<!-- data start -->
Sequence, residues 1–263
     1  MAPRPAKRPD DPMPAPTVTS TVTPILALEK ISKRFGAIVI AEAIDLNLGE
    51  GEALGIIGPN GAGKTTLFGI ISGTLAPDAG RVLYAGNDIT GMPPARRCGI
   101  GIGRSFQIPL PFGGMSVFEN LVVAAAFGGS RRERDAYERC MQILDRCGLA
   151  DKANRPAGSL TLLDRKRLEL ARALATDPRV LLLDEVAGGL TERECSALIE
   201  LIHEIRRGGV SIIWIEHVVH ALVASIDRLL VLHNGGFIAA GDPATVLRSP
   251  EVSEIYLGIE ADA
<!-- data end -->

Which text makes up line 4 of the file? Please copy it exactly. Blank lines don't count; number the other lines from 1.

   101  GIGRSFQIPL PFGGMSVFEN LVVAAAFGGS RRERDAYERC MQILDRCGLA